Jackson Charitable | Kalib Watson's Portfolio

Jackson Charitable Foundation Website

Situation

The Jackson Charitable website was around long before I joined Jackson, but its web developer left soon after I arrived. It was in this way that I became the new web developer for the site. After several short training sessions, I was entrusted with the wellbeing of the site.

Part of the Jackson Charitable homepage, which I helped design and develop.

Process

The Jackson Charitable website is one that is updated regularly. It has blog posts, children's videos, and announcements to the community. This meant that the site was updated weekly, at the very least. It also had a small team of communicators and writers working on it, which I got to partner with.

The site also undergoes a very manual process when being updated. It is not built on a content management system like WordPress. Instead, it is a plain HTML and CSS site, which requires a web developer to update content. Therefore, every week I was reaching into and touching the code of the Jackson Charitable site.

This work included everything from adding new blog articles, to rearranging the design of the homepage to include new content, information, or images. It also required working closely with the UX designers and content team, as they often wanted feasibility estimates, design feedback, or editorial assistance. I too, wanted feedback on my implementation of their ideas, and we generally touched base three to four times per week.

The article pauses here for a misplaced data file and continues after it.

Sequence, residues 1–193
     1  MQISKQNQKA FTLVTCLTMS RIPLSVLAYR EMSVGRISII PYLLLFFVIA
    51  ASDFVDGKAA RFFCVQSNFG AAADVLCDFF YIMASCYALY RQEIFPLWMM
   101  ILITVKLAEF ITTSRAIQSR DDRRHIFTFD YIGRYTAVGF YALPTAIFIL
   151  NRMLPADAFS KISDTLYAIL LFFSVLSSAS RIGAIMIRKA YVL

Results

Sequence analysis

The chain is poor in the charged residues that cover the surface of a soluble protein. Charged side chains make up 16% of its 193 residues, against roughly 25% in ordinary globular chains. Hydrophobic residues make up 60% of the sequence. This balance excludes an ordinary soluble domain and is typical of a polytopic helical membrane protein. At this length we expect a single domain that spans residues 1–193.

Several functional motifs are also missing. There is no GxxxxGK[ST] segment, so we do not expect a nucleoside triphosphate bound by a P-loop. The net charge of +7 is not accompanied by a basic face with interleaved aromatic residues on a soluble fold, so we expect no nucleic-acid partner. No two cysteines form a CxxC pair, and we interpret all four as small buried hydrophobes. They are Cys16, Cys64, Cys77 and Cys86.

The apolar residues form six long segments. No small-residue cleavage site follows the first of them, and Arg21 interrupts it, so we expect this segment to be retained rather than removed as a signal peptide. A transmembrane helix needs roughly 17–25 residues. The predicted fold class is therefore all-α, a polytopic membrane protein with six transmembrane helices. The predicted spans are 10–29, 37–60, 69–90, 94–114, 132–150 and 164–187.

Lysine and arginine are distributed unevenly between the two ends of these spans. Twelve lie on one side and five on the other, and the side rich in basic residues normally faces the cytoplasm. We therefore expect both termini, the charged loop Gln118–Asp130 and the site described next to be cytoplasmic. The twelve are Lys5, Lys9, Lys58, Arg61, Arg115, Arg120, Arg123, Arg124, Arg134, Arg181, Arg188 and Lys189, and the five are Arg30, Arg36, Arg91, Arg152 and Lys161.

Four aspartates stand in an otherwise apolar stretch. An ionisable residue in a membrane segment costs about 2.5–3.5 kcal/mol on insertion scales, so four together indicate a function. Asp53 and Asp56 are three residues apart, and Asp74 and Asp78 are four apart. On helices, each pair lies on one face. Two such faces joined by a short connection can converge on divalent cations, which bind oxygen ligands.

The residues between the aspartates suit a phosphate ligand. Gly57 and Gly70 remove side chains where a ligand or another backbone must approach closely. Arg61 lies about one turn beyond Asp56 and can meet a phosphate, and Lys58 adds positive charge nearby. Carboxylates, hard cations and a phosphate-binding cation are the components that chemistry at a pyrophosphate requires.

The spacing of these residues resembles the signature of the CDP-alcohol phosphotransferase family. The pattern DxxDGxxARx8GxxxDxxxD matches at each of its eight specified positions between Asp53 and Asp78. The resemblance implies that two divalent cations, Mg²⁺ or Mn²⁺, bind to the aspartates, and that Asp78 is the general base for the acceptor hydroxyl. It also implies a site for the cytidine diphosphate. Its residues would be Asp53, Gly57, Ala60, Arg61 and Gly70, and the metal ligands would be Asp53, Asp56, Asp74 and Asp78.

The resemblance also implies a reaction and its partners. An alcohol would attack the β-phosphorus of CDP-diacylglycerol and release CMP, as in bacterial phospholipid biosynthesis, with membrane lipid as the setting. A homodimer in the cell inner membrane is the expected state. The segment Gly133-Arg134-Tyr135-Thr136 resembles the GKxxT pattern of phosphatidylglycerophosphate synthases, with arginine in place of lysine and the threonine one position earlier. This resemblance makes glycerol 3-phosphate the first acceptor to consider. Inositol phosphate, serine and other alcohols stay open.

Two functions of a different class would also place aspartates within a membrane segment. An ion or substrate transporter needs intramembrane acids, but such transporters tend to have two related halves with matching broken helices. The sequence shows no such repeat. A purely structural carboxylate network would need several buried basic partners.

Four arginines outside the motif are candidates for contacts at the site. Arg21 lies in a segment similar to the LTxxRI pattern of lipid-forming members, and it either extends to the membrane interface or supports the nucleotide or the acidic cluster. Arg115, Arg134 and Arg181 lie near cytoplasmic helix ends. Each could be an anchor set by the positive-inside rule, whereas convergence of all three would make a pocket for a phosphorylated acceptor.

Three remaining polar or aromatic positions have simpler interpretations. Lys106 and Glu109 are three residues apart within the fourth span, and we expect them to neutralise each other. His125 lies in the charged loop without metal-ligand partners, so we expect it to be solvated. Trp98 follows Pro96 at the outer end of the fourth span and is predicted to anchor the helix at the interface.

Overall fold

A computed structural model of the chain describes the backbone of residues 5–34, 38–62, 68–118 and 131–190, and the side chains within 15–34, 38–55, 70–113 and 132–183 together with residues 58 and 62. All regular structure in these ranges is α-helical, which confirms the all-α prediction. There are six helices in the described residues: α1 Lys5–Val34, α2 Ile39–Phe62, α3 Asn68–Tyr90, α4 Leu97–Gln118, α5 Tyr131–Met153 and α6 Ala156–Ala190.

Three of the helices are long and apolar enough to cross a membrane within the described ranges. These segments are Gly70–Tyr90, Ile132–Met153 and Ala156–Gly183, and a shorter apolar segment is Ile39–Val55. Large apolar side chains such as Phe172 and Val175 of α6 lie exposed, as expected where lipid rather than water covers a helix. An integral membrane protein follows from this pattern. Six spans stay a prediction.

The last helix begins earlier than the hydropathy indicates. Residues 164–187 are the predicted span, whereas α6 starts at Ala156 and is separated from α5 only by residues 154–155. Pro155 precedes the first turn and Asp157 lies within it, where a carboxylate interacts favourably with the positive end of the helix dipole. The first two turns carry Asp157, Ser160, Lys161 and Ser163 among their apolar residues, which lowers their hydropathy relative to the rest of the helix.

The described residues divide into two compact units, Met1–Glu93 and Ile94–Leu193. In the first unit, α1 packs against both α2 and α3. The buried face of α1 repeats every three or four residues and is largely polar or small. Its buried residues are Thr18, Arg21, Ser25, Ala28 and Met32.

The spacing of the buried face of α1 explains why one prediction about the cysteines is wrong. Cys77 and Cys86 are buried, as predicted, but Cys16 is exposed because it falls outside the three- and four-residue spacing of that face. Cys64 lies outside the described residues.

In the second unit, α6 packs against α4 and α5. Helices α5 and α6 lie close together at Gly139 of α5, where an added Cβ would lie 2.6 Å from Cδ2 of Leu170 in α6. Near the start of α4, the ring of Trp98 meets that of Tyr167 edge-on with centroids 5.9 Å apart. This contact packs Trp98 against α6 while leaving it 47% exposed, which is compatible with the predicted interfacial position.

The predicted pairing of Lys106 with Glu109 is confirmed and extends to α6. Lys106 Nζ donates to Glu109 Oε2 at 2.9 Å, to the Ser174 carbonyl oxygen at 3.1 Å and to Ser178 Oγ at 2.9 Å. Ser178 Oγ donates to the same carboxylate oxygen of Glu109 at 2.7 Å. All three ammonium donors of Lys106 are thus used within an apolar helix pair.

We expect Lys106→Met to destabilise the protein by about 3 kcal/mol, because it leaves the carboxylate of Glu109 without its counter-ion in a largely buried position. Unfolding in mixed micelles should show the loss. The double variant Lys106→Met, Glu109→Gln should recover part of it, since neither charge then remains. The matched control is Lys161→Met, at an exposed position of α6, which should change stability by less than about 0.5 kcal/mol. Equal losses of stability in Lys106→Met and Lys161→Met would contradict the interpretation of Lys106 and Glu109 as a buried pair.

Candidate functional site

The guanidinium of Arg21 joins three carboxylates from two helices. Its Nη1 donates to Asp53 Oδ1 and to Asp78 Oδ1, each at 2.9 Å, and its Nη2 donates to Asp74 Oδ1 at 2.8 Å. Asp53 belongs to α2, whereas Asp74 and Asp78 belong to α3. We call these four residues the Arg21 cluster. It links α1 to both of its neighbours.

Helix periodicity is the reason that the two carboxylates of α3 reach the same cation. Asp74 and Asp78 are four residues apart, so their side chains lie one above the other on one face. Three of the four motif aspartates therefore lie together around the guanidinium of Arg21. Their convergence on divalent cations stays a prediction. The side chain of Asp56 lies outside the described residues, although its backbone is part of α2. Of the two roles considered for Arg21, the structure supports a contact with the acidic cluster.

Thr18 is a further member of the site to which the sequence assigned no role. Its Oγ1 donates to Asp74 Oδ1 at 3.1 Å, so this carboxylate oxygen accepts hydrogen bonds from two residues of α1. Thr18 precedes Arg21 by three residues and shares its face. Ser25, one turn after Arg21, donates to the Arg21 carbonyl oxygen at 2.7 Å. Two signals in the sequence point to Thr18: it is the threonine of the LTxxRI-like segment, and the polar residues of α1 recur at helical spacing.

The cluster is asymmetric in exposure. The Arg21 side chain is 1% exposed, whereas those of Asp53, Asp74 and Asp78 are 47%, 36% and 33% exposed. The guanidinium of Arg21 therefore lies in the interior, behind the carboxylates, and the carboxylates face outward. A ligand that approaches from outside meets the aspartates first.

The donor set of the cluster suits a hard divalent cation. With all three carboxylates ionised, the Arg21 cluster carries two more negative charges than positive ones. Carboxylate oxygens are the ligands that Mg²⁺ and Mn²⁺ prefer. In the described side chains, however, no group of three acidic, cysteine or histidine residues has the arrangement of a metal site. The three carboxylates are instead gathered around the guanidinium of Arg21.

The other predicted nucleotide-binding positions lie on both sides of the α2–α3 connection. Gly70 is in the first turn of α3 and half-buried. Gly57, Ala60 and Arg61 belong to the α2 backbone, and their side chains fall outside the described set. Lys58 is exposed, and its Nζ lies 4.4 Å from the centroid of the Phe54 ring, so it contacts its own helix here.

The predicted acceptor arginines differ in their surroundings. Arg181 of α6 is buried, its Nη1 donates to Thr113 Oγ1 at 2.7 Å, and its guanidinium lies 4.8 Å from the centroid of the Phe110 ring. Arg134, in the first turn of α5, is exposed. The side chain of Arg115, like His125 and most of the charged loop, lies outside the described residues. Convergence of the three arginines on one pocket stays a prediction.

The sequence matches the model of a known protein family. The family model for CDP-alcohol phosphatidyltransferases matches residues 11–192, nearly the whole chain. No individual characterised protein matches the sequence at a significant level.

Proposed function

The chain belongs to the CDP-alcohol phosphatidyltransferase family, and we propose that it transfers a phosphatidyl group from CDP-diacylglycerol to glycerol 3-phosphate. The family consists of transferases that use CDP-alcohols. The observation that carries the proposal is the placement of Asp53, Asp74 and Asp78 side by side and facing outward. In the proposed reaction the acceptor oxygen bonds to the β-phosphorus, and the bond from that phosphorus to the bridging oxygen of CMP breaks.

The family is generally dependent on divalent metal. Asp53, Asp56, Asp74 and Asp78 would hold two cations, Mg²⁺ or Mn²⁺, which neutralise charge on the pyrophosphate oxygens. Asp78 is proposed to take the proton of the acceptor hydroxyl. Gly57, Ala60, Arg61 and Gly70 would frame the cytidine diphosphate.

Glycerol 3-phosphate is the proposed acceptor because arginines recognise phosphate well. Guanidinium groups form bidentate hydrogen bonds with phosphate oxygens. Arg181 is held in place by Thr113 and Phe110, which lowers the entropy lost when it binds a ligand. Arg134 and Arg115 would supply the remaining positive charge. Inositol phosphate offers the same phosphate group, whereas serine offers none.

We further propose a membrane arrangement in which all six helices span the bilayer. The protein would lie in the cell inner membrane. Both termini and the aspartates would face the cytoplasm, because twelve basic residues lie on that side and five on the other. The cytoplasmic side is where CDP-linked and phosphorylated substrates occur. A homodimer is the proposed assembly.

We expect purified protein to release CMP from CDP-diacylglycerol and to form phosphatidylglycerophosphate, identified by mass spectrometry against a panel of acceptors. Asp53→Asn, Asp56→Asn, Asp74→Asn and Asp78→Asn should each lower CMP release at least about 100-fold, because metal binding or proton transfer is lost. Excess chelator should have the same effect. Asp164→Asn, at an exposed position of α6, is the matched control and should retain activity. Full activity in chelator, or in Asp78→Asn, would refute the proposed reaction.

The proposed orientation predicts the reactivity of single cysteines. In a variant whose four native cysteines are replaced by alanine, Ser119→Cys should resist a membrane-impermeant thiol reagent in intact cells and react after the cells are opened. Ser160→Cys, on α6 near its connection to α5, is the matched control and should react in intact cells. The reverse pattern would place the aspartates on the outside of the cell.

An example of an article I added to the Jackson Charitable site.

These different parts of the site were often controlled using page templates implemented using JavaScript. This wasn't something I had worked with before, and because the previous developer for the site left quickly, I mostly tackled this new material on my own.

After working on the site for several months, I felt comfortable enough to suggest some sustainability and accessibility updates. These included updating the styling and ordering of the site's headings, adding documentation to the existing code for better clarity, and updating the external documentation for the next developer who took over the site.

After only five months of working with the website, my manager asked me to train up a new developer to help with the management of the Jackson Charitable site. I gladly did so, and was surprised by how much I had learned in the little time I had with the material! I was also able to be around longer than the previous developer, and give some feedback to our new teammate as she learned.

Currently, the site is live at www.JacksonCharitableFoundation.org, as are many of the articles I developed in my time at Jackson.

Takeaways

From a technology perspective, the Jackson Charitable website allowed me the opportunity to stretch my HTML and CSS muscles, as well as teaching me about JavaScript templating and deployment technologies like Jenkins. I also got to work with designers and content creators to make several different types of changes to an existing website.

Throughout this project, I learned about the value of good documentation, the process of collaborating with a small, distributed team, and about managing code in a way that will be useful to future developers. I believe the sustainability and accessibility of my code and work has improved because of the time I spent with the Jackson Charitable site.